How is tuberous sclerosis complex (TSC) treated?

Updated: Aug 21, 2018
  • Author: David Neal Franz, MD; Chief Editor: Amy Kao, MD  more...
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Sirolimus (Rapamycin [Rapamune]) is a commercially available immunosuppressant, which forms an inhibitory complex with the immunophilin FKBP12, which binds to and inhibits the ability of mTOR to phosphorylate downstream substrates, such as the S6Ks and 4EBPs. It is marketed as an immunosuppressant, owing to its propensity to inhibit T-cell proliferation, and has been approved for use in this therapeutic setting in the United States since 2001.

Two analogs of sirolimus include everolimus and the prodrug temsirolimus. They act in a similar fashion to sirolimus, although their pharmacokinetics, bioavailability, and adverse effect profiles differ. In clinical trials, common adverse effects include aphthous oral ulcers, hyperlipidemia, thrombocytopenia, acneiform rash, immunosuppression, and impaired wound healing.

Everolimus tablets and tablets for suspension (Afinitor and Afintiro Disperz) are approved in the US for SEGAs associated with tuberous sclerosis that cannot be treated with surgery in adults and children aged 1 year or older. Afinitor is also approved in adults with TSC-associated renal angiomyolipoma, not requiring immediate surgery. In April 2018, the tablets for oral suspension (Afinitor Disperz) were approved for adults and children aged 2 years or older for TSC-associated partial-onset seizures.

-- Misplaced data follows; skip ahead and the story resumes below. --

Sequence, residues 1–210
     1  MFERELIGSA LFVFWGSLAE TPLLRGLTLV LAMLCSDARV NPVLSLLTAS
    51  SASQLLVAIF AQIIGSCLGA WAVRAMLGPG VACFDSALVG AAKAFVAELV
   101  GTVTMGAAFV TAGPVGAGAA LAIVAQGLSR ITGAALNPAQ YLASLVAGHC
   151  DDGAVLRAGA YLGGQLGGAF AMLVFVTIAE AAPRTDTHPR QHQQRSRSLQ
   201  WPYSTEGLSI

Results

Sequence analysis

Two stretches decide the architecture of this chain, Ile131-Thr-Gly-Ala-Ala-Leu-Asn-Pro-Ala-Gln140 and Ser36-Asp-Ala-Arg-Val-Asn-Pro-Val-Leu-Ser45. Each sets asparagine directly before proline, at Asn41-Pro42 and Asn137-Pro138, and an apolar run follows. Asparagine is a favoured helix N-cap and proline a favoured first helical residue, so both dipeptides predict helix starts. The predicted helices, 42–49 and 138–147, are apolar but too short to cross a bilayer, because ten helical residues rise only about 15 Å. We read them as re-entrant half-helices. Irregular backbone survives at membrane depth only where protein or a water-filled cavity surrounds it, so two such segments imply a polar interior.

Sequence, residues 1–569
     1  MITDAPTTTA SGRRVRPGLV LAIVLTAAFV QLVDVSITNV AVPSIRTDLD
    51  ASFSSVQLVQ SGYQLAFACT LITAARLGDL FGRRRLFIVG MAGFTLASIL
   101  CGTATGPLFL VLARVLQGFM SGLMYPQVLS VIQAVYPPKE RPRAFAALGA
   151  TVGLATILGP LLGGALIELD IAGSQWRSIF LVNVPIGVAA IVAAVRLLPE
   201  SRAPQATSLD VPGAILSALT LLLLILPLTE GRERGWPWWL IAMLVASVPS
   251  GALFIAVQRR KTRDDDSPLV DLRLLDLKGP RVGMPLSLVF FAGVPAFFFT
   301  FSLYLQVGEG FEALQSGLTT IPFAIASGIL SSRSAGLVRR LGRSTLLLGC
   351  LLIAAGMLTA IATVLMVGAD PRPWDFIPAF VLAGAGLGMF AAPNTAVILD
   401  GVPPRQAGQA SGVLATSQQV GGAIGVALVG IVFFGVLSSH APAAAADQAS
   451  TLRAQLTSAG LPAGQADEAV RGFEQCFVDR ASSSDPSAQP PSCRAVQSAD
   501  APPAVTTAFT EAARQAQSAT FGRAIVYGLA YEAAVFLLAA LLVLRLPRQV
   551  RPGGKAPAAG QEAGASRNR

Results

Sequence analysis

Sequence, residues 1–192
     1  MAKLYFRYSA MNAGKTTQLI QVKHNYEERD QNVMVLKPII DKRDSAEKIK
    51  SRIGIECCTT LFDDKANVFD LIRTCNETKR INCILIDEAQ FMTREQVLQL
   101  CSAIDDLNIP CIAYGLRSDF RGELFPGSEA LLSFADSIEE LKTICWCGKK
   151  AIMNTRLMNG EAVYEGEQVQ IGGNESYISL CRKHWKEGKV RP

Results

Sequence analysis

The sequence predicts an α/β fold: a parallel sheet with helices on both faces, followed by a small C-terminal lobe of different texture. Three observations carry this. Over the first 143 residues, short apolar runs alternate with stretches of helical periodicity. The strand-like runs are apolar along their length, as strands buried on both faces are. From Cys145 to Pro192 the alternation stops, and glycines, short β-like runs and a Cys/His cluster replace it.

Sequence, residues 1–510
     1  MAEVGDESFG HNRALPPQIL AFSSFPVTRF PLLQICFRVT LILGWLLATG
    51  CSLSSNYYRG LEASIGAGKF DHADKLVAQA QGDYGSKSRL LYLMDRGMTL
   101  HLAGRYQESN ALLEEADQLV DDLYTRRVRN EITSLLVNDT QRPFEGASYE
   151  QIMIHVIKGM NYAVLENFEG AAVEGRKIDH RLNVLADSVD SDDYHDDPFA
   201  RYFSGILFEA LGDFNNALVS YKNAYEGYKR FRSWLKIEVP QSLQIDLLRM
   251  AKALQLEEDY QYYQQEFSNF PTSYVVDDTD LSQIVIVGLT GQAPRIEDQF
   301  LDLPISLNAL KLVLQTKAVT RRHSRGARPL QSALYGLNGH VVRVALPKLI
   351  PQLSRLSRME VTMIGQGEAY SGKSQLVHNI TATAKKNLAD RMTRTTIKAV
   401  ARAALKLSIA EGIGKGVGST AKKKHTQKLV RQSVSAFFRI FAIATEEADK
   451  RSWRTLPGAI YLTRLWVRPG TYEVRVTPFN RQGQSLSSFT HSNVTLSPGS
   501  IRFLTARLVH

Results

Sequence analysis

Approval of everolimus oral suspension for TSC-associated partial-onset seizures was based on the EXIST-3 (EXamining everolimus In a Study of TSC) trial. Everolimus significantly reduced the frequency of treatment-resistant seizures associated with TSC compared with placebo. The median percentage reduction from baseline in seizure frequency was significantly greater among patients randomized to everolimus oral suspension low exposure (LE 29.3%; p=0.003) and high exposure (HE 39.6%; p< 0.001) compared with placebo (14.9%). Seizure response rate (≥50% reduction) was also greater with everolimus LE (28.2%) and HE (40.0%) (p< 0.001) compared with placebo (15.1%). [5]

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